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NSF Small Business Innovation Research (SBIR)/ Small Business Technology Transfer (STTR) Programs Phase I (SBIR/STTR Phase I)

Status: Archived

Archived funding opportunity

This document has been archived. See NSF 24-579 for the latest version.

Important information for proposers

All proposals must be submitted in accordance with the requirements specified in this funding opportunity and in the NSF Proposal & Award Policies & Procedures Guide (PAPPG) that is in effect for the relevant due date to which the proposal is being submitted. It is the responsibility of the proposer to ensure that the proposal meets these requirements. Submitting a proposal prior to a specified deadline does not negate this requirement.

Provides up to $275,000 to startups and small businesses to translate research into products and services with commercial and societal impact.


Introduction to the Program:

The NSF SBIR/STTR programs focus on transforming scientific discovery into products and services with commercial potential and/or societal benefit. Unlike fundamental or basic research activities that focus on scientific and engineering discovery itself, the NSF SBIR/STTR programs support the creation of opportunities to move fundamental science and engineering out of the lab and into the market or other use at scale, through startups and small businesses representing deep technology ventures.

The NSF SBIR/STTR programs fund research and development. The programs are designed to provide non-dilutive funding at the earliest stages of technology development.

Synopsis of Program:

The NSF SBIR/STTR programs support moving scientific excellence and technological innovation from the lab to the market. By investing federal research and development funds into startups and small businesses, NSF hopes to build a strong national economy and stimulate the creation of novel products, services, and solutions in the private sector; strengthen the role of small business in meeting federal research and development needs; increase the commercial application of federally supported research results; and develop and increase the US workforce, especially by fostering and encouraging participation by socially and economically disadvantaged and women-owned small businesses.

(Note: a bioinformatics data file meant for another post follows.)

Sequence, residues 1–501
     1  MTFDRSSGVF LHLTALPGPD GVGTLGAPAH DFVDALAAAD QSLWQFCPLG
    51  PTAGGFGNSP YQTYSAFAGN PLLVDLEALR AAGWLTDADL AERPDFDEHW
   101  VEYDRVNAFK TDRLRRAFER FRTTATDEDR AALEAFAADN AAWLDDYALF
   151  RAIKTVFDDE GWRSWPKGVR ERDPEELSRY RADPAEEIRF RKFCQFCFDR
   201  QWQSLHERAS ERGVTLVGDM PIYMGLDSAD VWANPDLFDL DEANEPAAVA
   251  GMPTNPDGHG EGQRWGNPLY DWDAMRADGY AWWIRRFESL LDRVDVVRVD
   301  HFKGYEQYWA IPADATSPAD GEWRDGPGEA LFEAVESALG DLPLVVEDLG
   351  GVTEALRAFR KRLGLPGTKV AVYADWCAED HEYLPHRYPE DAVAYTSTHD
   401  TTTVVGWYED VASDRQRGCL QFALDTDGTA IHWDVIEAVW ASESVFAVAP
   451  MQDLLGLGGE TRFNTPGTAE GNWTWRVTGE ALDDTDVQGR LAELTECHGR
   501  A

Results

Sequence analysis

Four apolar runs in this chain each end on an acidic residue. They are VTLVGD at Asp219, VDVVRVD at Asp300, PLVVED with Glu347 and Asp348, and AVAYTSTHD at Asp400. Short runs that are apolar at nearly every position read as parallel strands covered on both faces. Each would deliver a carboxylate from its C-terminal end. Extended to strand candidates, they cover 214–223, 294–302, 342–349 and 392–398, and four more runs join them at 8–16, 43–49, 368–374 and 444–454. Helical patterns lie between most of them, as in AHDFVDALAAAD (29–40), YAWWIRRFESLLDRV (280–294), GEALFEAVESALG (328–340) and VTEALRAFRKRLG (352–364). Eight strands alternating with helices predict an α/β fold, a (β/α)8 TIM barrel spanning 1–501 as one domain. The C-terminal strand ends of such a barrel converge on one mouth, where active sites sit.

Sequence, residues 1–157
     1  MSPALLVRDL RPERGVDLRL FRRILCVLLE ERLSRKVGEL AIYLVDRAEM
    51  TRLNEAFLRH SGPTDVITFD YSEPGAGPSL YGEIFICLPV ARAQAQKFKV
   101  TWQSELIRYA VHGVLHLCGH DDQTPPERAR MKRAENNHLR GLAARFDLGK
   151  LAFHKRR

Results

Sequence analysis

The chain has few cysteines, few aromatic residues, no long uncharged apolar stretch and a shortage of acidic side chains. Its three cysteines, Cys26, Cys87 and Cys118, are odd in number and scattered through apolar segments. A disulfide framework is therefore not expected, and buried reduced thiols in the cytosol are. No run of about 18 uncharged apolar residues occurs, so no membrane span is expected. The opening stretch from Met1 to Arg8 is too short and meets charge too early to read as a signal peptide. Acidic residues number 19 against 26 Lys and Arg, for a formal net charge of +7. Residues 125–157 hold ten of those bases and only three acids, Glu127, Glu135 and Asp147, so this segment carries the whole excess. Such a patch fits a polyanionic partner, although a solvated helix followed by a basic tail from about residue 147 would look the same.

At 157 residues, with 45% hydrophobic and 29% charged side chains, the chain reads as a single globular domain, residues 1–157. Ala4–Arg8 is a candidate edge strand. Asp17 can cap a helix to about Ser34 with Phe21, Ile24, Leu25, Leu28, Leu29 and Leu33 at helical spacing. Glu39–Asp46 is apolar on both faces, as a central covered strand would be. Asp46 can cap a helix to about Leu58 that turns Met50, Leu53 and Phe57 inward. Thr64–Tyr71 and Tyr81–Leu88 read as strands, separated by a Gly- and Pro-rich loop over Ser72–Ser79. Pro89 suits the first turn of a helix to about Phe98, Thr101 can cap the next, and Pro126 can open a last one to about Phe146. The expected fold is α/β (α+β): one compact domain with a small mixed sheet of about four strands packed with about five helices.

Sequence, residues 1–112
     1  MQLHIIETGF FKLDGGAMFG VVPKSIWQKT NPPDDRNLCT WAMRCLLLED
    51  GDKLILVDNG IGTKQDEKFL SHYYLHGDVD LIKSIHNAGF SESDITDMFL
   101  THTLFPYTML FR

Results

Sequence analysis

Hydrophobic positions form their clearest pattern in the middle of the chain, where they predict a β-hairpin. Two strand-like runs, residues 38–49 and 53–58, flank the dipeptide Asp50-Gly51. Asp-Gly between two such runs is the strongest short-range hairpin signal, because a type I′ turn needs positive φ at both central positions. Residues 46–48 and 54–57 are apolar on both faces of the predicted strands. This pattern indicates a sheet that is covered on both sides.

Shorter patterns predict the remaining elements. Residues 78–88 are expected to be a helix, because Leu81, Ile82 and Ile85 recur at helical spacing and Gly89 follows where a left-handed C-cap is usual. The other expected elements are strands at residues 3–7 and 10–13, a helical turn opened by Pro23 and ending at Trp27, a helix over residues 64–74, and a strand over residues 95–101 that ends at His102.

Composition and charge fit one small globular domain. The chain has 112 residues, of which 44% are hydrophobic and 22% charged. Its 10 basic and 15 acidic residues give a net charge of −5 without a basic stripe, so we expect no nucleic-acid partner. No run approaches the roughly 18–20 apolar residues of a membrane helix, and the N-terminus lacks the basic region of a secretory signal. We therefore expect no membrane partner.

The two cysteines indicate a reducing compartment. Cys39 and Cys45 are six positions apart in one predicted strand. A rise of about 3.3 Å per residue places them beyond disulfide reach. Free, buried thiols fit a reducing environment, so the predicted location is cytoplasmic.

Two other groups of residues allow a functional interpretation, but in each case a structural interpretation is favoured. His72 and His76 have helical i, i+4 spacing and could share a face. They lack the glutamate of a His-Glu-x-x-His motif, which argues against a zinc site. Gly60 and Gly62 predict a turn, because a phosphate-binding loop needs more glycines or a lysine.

The NSF SBIR/STTR programs solicit proposals from small businesses based on groundbreaking scientific discoveries or significant engineering breakthroughs consistent with NSF's mission to promote the progress of science; to advance the national health, prosperity, and welfare; and to secure the national defense.

The programs are governed by Public Law 114-328 (SBIR/STTR Reauthorization Act of 2017). SBIR/STTR policy is provided by the Small Business Administration (SBA) through SBIR/STTR Policy Directive.

The NSF SBIR/STTR programs welcome proposals from many topics and do not have a specific technological focus. SBIR/STTR Program Directors work together in “clusters” around general areas of science, engineering or technology to manage proposals and the merit review process. These clusters encompass Biological and Life Sciences; Mathematics and Physical Sciences; Data and Computer Sciences; and Resilient and Sustainable Systems. The topics within each cluster are detailed on the program website, but are only meant to be suggestive of the types of topic areas that are anticipated. The program is also open to proposals focusing on technical and market areas not explicitly noted in the aforementioned topics; such proposals should be submitted to “Other Topics”. However, the NSF SBIR/STTR programs do not support clinical trials or proposals from companies whose commercialization pathway involves the production, distribution or sale by the company of chemical components, natural or synthetic variations thereof, or other derivatives related to Schedule I controlled substances. 


Program contacts

Henry Ahn
Biological and Life Sciences Cluster Lead - Biomedical (BM) Technologies
hahn@nsf.gov (703) 292-7069 TIP/TI
Erik Pierstorff
Biological Technologies (BT)
epiersto@nsf.gov (703) 292-2165 TIP/TI
Kaitlin Bratlie
Pharmaceutical Technologies (PT)
kbratlie@nsf.gov (703) 292-2638
Edward Chinchoy
Medical Devices (MD)
echincho@nsf.gov (703)292-7103 TIP/TI
Peter S. Atherton
Data and Computer Sciences Cluster Lead - Advanced Analytics (AA); Artificial Intelligence (AI); Cloud and High-Performance Computing (CH); Cybersecurity and Authentication (CA); and Quantum Information Technologies (QT)
PATHERTO@nsf.gov (703) 292-8772 TIP/TI
Alastair Monk
Digital Health (DH)
amonk@nsf.gov (703) 292-4392 TIP/TI
Diane Hickey
Augmented and Virtual Reality (AV); Learning and Cognition Technologies (LC); and Human-Computer Interaction (HC)
dhickey@nsf.gov (703) 292-8875
Benaiah D. Schrag
Mathematics and Physical Sciences Cluster Lead - Instrumentation and Hardware Systems (IH); and Other Topics (OT)
bschrag@nsf.gov (703) 292-8323 TIP/TI
Muralidharan S. Nair
Internet of Things (I); Power Management (PM); Robotics (R); Space Technologies (SP); and Wireless Technologies (W)
mnair@nsf.gov (703) 292-7059 TIP/TI
Rajesh V. Mehta
Resilient and Sustainable Systems Cluster Lead - Environmental Technologies (ET); Advanced Materials (AM); and Nanotechnology (N)
rmehta@nsf.gov (703) 292-2174 TIP/TI
Elizabeth Mirowski
Advanced Manufacturing (M); Mobility (MO); Photonics (PH); and Semiconductors (S)
emirowsk@nsf.gov (703) 292-2936 TIP/TI
Anna S. Brady-Estevez
Chemical Technologies (CT); Energy Technologies (EN); and Distributed Ledger (DL)
abrady@nsf.gov (703) 292-7077 TIP/TI

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